In many ways, the contemporary attempt to rediscover, even recreate, the Cold War is a response to the instability wrought by this patternless post-9/11 foreign policy. Shaken by events in central Asia and the Middle East, and bereft of ideas, Western leaders are increasingly looking back to the Cold War days – to a time when there seemed to be a clear divide between good and evil, which acted as a moral framework for Western thought and action. Brown continually talks about his hero, Bobby Kennedy, and uses Cold War lingo to describe and justify Britain’s part in the scrappy ‘war on terror’. Now he has instituted a new cynical stand-off with Putin’s regime. Earlier this year, Washington clashed with Moscow over President Bush’s plans to base missile defence systems in former Russian satellite countries, including Poland and the Czech Republic. Washington’s claims that the missile defence systems are necessary to see off the threat from rogue states such as Iran are pretty see-through. In truth, its building of such systems in Eastern Europe is a political rather than a strategic act, designed to create a familiar-feeling stand-off with the old ‘Evil Empire’.

In political circles, many seem to have welcomed the return of ‘Cold War diplomacy’ with barely concealed glee. Following the death of Litvinenko, one commentator hailed ‘the start of a new Cold War’. ‘The question’, he said, ‘is how to win it’ (3). Another said there is ‘an increasingly hot peace’, and ‘Europe must remain united in the face of any intimidation from the Kremlin’ (4). British cabinet minister Peter Hain has said things are getting ‘frosty’ (another word for ‘cold’) between Britain and Russia, which he accused of launching ‘huge attacks on individual liberty and democracy’ (5). This embrace of Cold War language tells us a lot about the state of British politics. At a time when politics lacks oomph and urgency, some are reverting to old Cold War ways. They are looking for a fixed point against which they can define themselves. An old-fashioned stand-off with the Ruskies provides a rare opportunity for some black-and-white moral posturing.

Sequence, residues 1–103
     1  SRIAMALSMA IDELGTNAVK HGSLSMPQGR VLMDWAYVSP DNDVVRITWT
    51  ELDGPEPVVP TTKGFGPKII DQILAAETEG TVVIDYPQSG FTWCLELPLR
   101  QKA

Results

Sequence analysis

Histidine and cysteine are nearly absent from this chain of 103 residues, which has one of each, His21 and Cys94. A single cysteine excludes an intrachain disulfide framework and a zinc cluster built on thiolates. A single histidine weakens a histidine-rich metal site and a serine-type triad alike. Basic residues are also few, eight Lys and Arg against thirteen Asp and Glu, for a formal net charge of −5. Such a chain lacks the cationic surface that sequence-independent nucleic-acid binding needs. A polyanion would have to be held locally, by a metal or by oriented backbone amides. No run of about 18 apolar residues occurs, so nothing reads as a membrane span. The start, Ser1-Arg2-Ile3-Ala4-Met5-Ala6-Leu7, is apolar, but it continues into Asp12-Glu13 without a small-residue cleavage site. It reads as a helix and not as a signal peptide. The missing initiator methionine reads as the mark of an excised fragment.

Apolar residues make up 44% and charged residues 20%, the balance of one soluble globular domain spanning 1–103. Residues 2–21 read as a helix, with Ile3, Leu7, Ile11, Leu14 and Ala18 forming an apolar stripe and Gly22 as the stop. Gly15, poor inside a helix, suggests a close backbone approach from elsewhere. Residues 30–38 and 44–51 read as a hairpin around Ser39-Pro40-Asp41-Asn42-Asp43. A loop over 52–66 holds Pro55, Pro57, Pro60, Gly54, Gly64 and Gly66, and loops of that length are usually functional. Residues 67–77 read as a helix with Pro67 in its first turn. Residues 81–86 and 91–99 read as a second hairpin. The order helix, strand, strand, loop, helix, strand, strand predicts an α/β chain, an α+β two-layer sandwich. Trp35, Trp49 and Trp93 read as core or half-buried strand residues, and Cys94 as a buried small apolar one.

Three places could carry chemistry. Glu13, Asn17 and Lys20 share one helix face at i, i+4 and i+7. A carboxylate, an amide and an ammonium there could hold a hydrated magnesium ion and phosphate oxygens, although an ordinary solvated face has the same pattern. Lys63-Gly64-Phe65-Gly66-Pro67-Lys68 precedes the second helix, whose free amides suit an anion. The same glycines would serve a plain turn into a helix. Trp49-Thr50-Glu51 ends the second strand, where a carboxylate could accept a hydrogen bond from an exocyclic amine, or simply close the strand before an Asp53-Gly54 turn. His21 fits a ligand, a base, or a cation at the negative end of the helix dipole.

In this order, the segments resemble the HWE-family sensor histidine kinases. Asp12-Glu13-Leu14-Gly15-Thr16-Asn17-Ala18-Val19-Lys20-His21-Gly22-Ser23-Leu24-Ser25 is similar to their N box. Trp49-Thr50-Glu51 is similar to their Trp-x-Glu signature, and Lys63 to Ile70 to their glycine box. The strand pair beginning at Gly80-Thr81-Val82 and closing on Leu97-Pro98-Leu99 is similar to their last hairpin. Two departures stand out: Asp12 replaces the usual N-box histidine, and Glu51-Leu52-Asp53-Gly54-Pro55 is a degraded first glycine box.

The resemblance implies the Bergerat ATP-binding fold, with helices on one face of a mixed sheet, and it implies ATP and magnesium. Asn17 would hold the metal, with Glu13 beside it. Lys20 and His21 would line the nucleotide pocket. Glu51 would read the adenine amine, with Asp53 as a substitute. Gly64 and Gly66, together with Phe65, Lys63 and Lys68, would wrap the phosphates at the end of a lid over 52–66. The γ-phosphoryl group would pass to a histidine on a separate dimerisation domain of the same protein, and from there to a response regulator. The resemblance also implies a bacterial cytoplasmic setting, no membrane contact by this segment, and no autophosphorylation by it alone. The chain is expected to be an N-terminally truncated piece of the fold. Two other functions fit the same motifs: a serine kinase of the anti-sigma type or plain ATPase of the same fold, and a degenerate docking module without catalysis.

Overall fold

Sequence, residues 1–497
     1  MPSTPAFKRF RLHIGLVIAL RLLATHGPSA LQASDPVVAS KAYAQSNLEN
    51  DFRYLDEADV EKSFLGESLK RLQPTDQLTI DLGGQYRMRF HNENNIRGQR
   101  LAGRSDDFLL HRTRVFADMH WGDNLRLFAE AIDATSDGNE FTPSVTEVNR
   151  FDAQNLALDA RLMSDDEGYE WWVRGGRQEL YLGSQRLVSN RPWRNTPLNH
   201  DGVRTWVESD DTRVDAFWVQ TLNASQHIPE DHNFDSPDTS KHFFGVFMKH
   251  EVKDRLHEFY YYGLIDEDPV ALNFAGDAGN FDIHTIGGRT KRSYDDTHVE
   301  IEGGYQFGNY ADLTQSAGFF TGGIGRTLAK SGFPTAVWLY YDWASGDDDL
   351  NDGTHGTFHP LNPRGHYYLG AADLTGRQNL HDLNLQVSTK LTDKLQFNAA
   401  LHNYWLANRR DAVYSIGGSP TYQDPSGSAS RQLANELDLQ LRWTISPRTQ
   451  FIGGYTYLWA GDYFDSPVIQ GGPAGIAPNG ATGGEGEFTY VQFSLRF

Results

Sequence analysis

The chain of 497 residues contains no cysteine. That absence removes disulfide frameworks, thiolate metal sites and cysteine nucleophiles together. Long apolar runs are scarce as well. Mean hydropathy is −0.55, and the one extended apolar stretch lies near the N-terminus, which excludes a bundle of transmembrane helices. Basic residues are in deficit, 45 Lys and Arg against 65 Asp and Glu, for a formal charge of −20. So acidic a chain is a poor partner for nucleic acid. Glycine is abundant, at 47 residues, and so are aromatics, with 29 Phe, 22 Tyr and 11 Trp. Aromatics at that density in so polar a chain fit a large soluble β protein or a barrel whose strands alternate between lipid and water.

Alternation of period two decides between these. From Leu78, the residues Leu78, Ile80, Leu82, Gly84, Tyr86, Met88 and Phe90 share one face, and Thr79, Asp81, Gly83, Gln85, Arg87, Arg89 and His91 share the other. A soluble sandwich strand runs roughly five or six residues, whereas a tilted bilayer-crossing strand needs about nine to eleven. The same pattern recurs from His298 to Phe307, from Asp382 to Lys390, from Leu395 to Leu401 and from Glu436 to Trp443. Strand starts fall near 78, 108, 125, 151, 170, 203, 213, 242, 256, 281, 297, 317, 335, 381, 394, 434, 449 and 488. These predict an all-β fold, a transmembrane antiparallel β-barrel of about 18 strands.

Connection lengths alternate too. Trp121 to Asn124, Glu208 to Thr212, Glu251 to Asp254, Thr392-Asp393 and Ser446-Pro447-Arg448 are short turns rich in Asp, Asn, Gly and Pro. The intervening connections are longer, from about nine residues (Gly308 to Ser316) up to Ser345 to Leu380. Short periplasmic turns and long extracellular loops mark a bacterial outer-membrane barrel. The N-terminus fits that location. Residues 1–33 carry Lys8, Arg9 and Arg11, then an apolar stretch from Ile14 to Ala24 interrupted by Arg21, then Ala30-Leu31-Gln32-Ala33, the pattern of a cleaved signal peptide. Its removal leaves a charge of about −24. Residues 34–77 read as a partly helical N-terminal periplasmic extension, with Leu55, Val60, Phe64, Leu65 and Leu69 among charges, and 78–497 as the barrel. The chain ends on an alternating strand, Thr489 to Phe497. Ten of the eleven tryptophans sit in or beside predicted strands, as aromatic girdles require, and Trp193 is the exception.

This is a pale and shallow version of the Cold War of history. Britain and America may talk the language of the old East-West divide, but they cannot muster the kind of Western unity that was glued together (within limits, of course) by the anti-communist ideology of the 1950s to the 1980s. As one report says this morning, Britain has failed to win from Europe the ‘immediate, concerted solidarity’ it was expecting over its Russian expulsions. German officials say Britain has overreacted; the Portuguese said this is ‘a bilateral issue’ between Britain and Russia (6). Nor has the Brown government thought through its clash with Russia. A BBC reporter says that when she asked a Foreign Office official what the strategy was, he replied: ‘There is no strategy as such. We’re waiting for Russia to respond.’ Meanwhile, British diplomats and businessmen are concerned that the expulsions will harm British-Russian relations and possibly British political and business interests. In the name of scoring a few moral points in the international arena, and signalling its desire to recreate a new if inferior version of Cold War politics, the Brown government has possibly harmed itself more than anyone else.

Many are asking how Russia will respond to the expulsions. We will probably know later today. But in the meantime, let us focus on what the expulsions reveal about the new Brown regime: that it is intellectually vacuous, backward-looking, as keen on executing international stunts as the Blairites were, and reckless.

Brendan O’Neill is editor of spiked. Visit his website here.

Previously on spiked
Brendan O’Neill argued that the death of Alexander Litvinenko was a murder mystery, not a Cold War thriller but Julia Svetlichnaja and James Heartfield, who were the last people to interview Litvinenko, found themselves caught up in a new Cold War. Julia Svetlichnaja criticised attempts to blame a ‘backward Russia’ while James Heartfield rubbished predictions of a forthcoming Russian revolution. Or read more at spiked issue Russia.

(1) See 10 reasons why Gordon Brown is not fit to be prime minister, by Brendan O’Neill

(2) Why expel diplomats, BBC News, 17 July 2007

(3) The one way to fight Putin’s menace, The Times (London), 27 November 2006

(4) Do not let ghosts of the Cold War impede history’s lessons, Financial Times, 25 November 2006

(5) Reid to brief Commons on Litvinenko, Guardian, 27 November 2006

(6) Europeans lukewarm as Britain tries to rally support in row with Russia, Guardian, 18 July 2007

To enquire about republishing spiked’s content, a right to reply or to request a correction, please contact the managing editor, Viv Regan.

Topics Politics